Returning to the idea of the narrator’s and Irene’s self-constructed purgatory, Holmes finds that the siblings’ expulsion can be traced in terms of the clash between the colonial and postcolonial world. For instance, the siblings insist on living in a colonial world despite the fact that Argentina is a postcolonial country. The house itself is a strong indicator of this. It is European in construction: a large sprawling manor with numerous wings. However, it is also antiquated. Too big for its purpose, it stands mainly to oversee the final days of the family line. As the narrator points out, the home is such an antique that the parts are worth more than the whole. Most of the other buildings like it have been broken apart and sold piece by piece for their architectural embellishments. In Holmes’s interpretation, then, the narrator’s abundant descriptions of the house (and the work conducted to maintain it) seem far more significant than they initially seem. Holmes remarks: ‘‘As the vehicle for nostalgia, the architectural styles of the fictional buildings come to represent divisions between past and present, as well as between private and public space. The imposition … of some inexplicable Other on the individual residence probes the concept of home … underscoring the inescapability of the city’s impact on the lives of its inhabitants and questioning the nature of the walls, both architectural and linguistic, that separate Self from Other.’’
In other words, the house (representing the past) separates the siblings from the city (representing the present). Holmes goes on to state exactly that, finding that ‘‘although at home in this limited space, the siblings seclude themselves from the contemporary experience of the city. As a result, they live as outsiders surrounded by a city that understands a modern reality very different from theirs.’’ Thus, ‘‘it is this city that finally expels them from their home.’’ This thematic interpretation is one of the more salient, particularly when one examines key textual clues, such as the architectural style of the home, its location, and the direction from which the mysterious ‘‘they’’ overtake the house. For instance, ‘‘the connection between the fictional architecture of the home and that of the real Buenos Aires of the time-period, as well as the location of the home in the city create a caricature of the contemporary urban political scene,’’ Holmes finds. She also states that ‘‘the authority that controls the siblings supernaturally haunts their private space, scaring away the unproductive urban elite. As this scenario parodies a Peronist Buenos Aires, it also underscores Latin American debates concerning the role of Europe in post-colonial space.’’ Put simply, the siblings’ leisurely lives, financed by the labors of tenant farmers on their land holdings, are part of a colonial lifestyle that has since grown antiquated. Like the house, the siblings’ very lives are relics. Modernity and progress will ultimately overtake them. This, then, is another aspect of the mysterious voices that force the siblings from their home.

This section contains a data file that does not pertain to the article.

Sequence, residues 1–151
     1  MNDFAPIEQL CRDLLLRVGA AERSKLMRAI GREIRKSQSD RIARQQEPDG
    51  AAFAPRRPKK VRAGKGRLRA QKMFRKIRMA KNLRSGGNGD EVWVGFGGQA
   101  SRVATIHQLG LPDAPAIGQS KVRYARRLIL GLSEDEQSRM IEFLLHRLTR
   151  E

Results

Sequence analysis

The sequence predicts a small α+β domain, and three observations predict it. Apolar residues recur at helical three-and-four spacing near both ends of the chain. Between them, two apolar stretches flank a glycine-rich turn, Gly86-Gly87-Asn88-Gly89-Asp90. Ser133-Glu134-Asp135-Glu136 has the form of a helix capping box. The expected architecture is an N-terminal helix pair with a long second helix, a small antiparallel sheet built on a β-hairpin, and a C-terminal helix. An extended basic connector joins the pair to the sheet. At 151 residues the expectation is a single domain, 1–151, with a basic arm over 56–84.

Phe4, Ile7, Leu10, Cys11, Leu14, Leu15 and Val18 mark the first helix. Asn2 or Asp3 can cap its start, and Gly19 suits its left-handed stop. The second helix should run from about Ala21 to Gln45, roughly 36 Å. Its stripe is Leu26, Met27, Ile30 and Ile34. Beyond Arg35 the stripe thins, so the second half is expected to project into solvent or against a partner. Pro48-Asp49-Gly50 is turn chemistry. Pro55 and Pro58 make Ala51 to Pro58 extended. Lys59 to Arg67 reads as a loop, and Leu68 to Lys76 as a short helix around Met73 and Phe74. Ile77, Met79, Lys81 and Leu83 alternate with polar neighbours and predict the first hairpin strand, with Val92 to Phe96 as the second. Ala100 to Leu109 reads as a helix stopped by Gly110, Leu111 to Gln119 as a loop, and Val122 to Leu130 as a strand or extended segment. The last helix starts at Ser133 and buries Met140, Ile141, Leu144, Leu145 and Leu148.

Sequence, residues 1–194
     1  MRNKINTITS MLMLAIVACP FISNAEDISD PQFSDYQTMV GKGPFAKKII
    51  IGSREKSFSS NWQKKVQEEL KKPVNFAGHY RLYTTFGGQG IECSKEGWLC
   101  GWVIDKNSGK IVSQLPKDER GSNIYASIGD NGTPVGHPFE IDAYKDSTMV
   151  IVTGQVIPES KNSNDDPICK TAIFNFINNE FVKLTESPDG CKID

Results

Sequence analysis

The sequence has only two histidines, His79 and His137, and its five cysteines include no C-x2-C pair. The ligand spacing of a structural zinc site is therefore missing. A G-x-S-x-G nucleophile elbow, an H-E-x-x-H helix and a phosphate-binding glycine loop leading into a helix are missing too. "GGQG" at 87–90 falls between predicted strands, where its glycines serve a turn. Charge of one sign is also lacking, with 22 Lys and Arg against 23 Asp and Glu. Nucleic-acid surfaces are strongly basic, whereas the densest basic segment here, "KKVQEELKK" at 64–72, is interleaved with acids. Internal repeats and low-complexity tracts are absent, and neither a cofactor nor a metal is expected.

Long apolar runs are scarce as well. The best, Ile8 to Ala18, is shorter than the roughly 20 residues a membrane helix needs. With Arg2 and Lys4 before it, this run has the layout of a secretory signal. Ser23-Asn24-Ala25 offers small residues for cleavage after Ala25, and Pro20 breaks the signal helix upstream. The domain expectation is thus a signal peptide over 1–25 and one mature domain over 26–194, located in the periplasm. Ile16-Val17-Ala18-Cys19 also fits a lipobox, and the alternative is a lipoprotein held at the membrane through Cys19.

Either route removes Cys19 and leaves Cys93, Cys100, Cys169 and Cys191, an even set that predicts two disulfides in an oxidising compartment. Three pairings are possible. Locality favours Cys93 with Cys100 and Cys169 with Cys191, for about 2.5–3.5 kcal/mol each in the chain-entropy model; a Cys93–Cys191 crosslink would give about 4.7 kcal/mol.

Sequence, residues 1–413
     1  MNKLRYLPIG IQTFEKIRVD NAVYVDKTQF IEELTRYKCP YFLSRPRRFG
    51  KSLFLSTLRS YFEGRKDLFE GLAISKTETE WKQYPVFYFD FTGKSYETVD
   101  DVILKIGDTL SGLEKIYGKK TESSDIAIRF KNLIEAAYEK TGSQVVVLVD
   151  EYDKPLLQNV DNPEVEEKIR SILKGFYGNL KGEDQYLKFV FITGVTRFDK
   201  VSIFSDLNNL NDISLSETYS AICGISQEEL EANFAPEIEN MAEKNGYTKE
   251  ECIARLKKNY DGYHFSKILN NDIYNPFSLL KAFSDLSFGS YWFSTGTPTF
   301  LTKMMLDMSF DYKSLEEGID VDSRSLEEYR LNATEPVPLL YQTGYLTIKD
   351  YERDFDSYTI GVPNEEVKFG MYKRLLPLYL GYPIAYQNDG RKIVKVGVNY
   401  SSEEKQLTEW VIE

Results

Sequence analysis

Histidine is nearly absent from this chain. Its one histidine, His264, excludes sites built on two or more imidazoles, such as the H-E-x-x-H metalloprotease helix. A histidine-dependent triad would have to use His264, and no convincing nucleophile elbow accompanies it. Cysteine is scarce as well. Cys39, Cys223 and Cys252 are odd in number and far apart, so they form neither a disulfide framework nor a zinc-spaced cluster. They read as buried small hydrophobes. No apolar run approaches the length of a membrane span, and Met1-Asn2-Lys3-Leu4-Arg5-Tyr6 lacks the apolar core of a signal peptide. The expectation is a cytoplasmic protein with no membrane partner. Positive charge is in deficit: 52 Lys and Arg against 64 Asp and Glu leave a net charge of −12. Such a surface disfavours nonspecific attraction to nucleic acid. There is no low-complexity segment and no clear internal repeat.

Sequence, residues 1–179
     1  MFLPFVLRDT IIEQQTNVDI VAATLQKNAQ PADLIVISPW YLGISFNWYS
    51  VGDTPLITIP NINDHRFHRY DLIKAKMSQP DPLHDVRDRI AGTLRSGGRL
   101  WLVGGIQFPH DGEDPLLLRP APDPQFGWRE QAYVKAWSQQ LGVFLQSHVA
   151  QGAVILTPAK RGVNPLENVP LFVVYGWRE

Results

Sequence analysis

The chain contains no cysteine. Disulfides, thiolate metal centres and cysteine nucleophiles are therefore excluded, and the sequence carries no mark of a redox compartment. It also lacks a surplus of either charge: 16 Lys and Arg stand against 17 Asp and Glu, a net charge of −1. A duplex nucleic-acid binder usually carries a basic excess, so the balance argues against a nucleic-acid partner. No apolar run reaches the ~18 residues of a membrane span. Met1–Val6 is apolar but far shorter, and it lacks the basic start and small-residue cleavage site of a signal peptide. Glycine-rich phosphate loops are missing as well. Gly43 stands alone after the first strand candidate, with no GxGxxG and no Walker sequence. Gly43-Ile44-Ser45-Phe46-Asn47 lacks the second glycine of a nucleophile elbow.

As previously mentioned, the actual location of the house is also important. The narrator notes that the library abuts the Rodrı´guez Pen˜a, an actual street in Buenos Aires. Holmes writes that ‘‘the named street runs behind the house, as if the building sought to conceal its actual location, for the reader never discovers the name of the street that would give the house its official address.’’ The detail does place the house in a fairly concrete geographical location. More importantly, it also places the house’s location in a historical context that adds further meaning to the story’s events. The street’s namesake was a soldier who fought for Argentina’s independence from Britain. This detail further underscores the postcolonial implications in ‘‘House Taken Over.’’ The street’s location at the back of the house is also remarkable given that, as Holmes points out, ‘‘the invading Other moves from the back to the front of the house, or from the section that locates the story in the ‘real’ Buenos Aires outside the text to the part that remains anonymous and must be imagined without any ‘real’ referent.’’ ‘‘Buenos Aires intrudes into the siblings’ Europeanized [not to mention fictionalized] haven.’’
Sara Constantakis, Thomas E. Barden – Short Stories for Students – Presenting Analysis, Context & Criticism on Commonly Studied Short Stories, vol. 28 (2010) – Julio Cartazar – Published by Gale Cengage Learning.
Leah Tieger, Critical Essay on ‘‘House Taken Over,’’ in Short Stories for Students, Gale, Cengage Learning, 2010.